HOUSTON -- Craig Biggio, Houston Astros legend and a likely soon-to-be member of the Baseball Hall of Fame, probably doesn’t need much help getting his moment in the sun.
But a diehard fan in Baytown thought the legend of Biggio could use a public relations upgrade – perhaps to mythological status.
Lloyd Richey, 30, a husband and father in Baytown was upset last year when Biggio failed to get the votes needed to put him in the Hall on his first ballot.
“He didn't get in, knowing his stats and everything,” Richey asked incredulously. “I got to do something,” he remembers he thought at the time.
That “something” was to round up his family, friends, and a few willing strangers at his local fitness club to take part in a video salute to Biggio that he would call his “Craig Biggio for the Baseball Hall of Fame Awareness Video.”
In a satirical re-imagination of the Biggio mystique he has his hero rescuing tornado victims (played by Richey’s mom) and shielding young children from nightmares by standing watch with his bat outside their bedroom windows. In a fictitious scene from a convenience store, Biggio’s life-size cardboard cutout is enough to send a would-be robber running away in fear. And in another vignette in the 7-minute video Richey’s sister plays a zombie who finally meets her demise at the end of Biggio’s bat.
"If he responds, I hope his sense of humor is similar to mine,” said Richey at his Baytown home the day before the Hall of Fame ballots would be announced. "I hope he appreciates it,” Richey said of the video now nearing 25,000 views on YouTube. “I mean I'm just a fan.”
Richey says he just wanted to draw attention to a man he already considers a legend: the three-position 7-time all star with more than 3,000 hits. The man whose baseball cards Richey has been collecting since grade school.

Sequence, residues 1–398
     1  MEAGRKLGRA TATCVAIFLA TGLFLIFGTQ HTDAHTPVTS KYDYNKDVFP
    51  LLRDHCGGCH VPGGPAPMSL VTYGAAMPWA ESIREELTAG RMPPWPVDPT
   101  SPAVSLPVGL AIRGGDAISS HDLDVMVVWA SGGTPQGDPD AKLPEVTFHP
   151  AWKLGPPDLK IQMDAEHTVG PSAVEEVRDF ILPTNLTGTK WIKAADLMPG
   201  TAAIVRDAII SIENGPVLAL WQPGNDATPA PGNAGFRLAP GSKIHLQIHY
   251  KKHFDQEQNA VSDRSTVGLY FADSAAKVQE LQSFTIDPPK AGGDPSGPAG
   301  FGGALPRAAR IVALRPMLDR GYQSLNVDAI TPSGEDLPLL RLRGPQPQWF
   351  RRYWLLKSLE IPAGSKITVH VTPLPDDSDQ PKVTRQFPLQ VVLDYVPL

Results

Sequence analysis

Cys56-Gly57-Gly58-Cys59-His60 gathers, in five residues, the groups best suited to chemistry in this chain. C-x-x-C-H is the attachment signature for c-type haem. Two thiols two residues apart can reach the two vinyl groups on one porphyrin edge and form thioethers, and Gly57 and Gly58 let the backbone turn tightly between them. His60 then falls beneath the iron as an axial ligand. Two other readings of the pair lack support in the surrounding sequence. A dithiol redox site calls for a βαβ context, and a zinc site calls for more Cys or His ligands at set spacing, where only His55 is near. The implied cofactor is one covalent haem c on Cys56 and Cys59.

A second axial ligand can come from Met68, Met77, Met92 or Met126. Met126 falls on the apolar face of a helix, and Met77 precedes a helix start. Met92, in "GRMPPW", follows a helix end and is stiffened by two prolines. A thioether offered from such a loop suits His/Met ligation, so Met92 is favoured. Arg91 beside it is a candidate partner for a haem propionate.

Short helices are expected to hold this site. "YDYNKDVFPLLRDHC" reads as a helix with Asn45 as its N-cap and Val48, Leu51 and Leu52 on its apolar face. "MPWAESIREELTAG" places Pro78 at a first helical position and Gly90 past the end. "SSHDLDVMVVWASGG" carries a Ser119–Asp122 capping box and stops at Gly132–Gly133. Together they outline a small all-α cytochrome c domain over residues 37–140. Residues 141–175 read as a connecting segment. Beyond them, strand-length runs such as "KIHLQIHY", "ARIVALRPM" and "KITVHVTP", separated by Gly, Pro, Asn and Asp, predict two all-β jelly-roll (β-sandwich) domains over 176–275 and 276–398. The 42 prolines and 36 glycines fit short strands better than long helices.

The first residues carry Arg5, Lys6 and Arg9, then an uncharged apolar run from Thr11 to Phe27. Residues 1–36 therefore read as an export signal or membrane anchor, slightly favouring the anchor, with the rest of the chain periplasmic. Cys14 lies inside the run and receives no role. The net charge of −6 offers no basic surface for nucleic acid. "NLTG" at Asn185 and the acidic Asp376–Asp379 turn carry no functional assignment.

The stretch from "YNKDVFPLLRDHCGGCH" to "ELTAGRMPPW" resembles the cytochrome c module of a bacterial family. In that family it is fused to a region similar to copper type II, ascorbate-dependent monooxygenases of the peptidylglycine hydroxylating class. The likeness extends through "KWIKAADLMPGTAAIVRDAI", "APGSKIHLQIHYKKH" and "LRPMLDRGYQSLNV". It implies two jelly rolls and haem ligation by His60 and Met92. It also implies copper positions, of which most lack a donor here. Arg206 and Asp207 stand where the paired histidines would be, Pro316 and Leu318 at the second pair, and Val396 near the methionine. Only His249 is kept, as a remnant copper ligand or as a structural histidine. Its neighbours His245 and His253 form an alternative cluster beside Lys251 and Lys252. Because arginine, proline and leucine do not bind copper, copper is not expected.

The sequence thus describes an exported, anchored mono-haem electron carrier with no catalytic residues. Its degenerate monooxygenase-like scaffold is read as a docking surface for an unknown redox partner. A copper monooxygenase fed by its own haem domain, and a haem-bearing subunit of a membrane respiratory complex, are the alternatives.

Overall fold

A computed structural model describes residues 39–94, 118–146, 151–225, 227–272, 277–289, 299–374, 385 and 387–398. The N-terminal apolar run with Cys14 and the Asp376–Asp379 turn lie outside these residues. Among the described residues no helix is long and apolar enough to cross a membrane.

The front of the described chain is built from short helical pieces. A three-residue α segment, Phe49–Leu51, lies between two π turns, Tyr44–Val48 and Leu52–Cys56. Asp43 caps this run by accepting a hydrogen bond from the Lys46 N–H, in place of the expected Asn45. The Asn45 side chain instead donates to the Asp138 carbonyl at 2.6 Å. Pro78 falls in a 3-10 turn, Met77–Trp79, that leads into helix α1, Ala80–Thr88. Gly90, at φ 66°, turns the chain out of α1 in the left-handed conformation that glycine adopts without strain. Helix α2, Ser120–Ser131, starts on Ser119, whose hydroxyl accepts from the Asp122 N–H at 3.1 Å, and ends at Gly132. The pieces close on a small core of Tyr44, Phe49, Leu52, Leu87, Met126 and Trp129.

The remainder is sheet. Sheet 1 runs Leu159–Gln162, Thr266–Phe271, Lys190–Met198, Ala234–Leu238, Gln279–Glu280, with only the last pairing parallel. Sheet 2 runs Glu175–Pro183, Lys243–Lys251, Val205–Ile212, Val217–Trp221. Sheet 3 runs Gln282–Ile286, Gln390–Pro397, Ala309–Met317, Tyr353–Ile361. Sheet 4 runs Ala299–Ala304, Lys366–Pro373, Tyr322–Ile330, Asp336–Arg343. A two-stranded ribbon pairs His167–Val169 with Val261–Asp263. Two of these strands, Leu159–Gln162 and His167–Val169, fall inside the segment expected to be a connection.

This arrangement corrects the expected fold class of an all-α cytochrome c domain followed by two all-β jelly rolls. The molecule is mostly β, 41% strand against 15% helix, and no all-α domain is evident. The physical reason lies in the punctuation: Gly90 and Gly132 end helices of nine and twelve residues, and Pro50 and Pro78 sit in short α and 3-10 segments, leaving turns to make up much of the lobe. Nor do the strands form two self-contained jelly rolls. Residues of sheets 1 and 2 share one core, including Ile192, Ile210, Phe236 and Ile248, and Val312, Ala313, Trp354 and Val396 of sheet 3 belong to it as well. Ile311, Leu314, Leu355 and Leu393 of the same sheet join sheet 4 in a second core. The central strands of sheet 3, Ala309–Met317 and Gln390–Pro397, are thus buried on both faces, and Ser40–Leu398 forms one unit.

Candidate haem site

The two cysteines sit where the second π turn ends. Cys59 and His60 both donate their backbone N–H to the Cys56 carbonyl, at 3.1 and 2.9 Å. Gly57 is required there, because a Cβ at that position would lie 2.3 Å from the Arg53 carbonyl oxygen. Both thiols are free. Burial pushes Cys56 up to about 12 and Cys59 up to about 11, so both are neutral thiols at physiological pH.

"The earliest memory I do have of being like ‘Biggio, Biggio Biggio’ is on the bus in third grade,” he said while thumbing through the baseball card collection binder he still keeps.
He also hopes his satirical and mythological take on his hero will re-introduce the real Biggio to a legion of younger Astros fans who might have never seen him play.
"If any of them now know who Biggio is, it’s a victory...you know,” he said of the video.
In the closing scene of the video Richey himself makes a cameo, falling to his knees in despair. But Biggio, played by a friend in a big league number 7 uniform, reaches down with a gloved hand to rescue him. They both float off the ground together, hand in hand.
Richey says he can only hope his video might also help Biggio ascend to his rightful place in the Baseball Hall of Fame.
“If it had any effect I hope it is a positive one,” he said. “When you are that good and you’ve played three totally different positions…you’re in (the HOF) as far as I’m concerned.”